Long Term Effects of Childhood Obesity
Child obesity results in long-term complications in the emotional, social, and physical wellbeing of the child.
Some of the long-term physical effects of childhood obesity include:
Pediatric diabetes is common in children with obesity. Indeed, weight gain induces glucose intolerance or insulin resistance in children, leading to this chronic condition.
Also, a sedentary lifestyle may elevate the overall risk of diabetes.
Hypertension and Hypercholesterolemia
Poor dietary choices and a sedentary lifestyle in overweight and obese children can also lead to hypertension and high cholesterol.
The above factors play a role in developing plaques in the blood vessels. The arteries get hard and narrow, leading to stroke and heart attack at some point in life.
Asthma is prevalent in children who have excessive weight. The children are likelier to develop conditions like obstructive sleep apnea, which affects a child’s breathing during sleep.
Nonalcoholic Fatty Liver Disease
Nonalcoholic fatty liver disease may lead to liver damage and scarring. However, the disorder comes with no symptoms and causes different fatty deposits for building up in the liver.
Emotional and Behavioral Complications
Children having obesity might face bullying by their fellows.; they can develop low self-esteem. Also, you might see some psychological effects of childhood obesity.
High weight gain may cause excessive stress on the knees and hips. Indeed, child obesity may result in pain and injuries in the back, knees, and hips.
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The Prevention of Childhood Obesity
Prevention is the first line of defense against chronic conditions such as obesity.
Ensure to take note of the things that help in controlling excess weight gain in children.
In such a way, you will control the incidence of this chronic condition. There are several ways for preventing obesity, but they can vary culturally and area-wise.
However, some guidelines apply to all conditions whatsoever.
For preventing obesity in children and young adults, you can take the following actions:
Be a Role Model
Healthy eating for a child starts with you. When you make healthy dietary choices, your child follows your footstep and abstain from poor items.
In addition, if you exercise regularly, your child will also realize that physical activities are an essential component of daily life.
Have some healthy snacks around you. Some options involve popcorn with no butter, vegetable sticks with hummus, fruits mixed in low-fat yogurt, and more.
Indeed, it will help if you include nutrient-dense, wholesome, and organic snacks in your day to avoid excess calorie consumption.
Introduce New Foods Often
Persist on introducing different vegetables, fruits, and other wholesome items to your child multiple times.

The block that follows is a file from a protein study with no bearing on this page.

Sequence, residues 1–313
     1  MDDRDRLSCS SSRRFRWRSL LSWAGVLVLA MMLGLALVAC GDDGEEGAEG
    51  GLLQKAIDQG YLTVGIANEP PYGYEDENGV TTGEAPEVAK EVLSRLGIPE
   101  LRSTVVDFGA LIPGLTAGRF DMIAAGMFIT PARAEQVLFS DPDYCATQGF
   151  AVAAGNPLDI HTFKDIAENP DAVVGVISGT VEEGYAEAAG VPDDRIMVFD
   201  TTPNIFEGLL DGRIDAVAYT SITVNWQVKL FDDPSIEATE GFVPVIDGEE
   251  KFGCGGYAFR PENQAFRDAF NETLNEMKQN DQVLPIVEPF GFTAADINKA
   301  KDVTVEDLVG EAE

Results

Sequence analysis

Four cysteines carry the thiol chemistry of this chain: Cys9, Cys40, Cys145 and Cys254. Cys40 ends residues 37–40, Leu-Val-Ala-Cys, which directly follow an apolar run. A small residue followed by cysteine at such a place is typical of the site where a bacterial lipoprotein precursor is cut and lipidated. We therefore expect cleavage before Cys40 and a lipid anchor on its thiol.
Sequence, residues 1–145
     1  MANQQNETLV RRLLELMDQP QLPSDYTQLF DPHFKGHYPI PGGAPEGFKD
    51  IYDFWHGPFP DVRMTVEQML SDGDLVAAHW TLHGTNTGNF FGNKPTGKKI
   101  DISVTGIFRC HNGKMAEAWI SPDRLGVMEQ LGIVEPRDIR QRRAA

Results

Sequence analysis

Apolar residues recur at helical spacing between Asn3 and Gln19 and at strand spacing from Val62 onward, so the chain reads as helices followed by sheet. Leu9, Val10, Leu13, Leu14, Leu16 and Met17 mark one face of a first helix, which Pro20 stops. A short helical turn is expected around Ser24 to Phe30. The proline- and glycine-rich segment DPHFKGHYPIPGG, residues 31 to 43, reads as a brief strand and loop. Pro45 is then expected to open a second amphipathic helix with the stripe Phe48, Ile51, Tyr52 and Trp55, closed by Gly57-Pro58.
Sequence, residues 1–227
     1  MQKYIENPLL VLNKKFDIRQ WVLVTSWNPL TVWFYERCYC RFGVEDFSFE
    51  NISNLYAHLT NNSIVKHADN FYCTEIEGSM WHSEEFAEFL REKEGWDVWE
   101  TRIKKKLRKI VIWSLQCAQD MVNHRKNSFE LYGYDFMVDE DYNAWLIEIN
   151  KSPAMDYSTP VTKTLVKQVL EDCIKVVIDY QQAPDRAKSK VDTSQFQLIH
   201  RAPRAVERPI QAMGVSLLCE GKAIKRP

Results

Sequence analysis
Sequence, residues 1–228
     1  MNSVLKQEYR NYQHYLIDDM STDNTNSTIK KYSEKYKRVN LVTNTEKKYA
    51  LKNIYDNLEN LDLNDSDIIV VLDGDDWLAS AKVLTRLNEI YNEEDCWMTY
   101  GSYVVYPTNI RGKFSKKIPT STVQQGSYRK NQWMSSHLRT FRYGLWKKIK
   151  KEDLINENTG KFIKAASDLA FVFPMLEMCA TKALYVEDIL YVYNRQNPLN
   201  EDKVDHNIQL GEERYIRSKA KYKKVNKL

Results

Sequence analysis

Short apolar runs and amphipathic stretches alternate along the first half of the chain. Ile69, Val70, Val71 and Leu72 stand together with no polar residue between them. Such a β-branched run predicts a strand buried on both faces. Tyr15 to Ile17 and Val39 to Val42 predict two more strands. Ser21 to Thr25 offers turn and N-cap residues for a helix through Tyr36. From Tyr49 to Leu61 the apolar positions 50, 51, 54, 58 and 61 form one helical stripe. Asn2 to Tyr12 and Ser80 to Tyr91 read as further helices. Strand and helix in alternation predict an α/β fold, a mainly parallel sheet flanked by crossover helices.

If the child doesn’t like getting a portion of new food, try exposing it repetitively to gain acceptance.
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Select Non-food Reward
Don’t go for candies or any other edible item as a positive reward to your kids.
Doing so can cause your child to crave unhealthy or excessive caloric foods, resulting in excess weight gain.
Instead of going for food as a reward, go for material items like books, etc.
Be Careful About Their Sleep
Children undergoing sleep deprivation have a high risk of developing obesity.
Sleeping for too little may increase the risk of hormonal imbalance that often results in an elevated appetite.
As a result, it may be that craving and binging become frequent, which causes obesity in children and adolescents.
Go for Medical Checkup
Going to a doctor for a thorough medical checkup at least once a year helps check the weight.
The doctor will record your child’s anthropometric measurements that help in calculating the BMI of your child.
Indeed, a high percentile rank of BMI for an extended period indicates that your child has an increased risk of getting obese.
These are some preventative measures against obesity. Ensure to take note of the possible factors associated with having excess weight.
For more information, you can consult your health professional, who may guide you in the prevention of childhood obesity.
The Final Words
Childhood obesity is a health issue of growing concern across the globe.
Several factors like sedentary lifestyle, poor dietary habits, genetics, and poor sleep quality lead to excess body weight in children and adolescents.
Ensure always to pay attention to preventable factors to pave a healthy BMI for children and adolescents.
Thank you for reading this article about childhood obesity’s health effects and how to prevent them.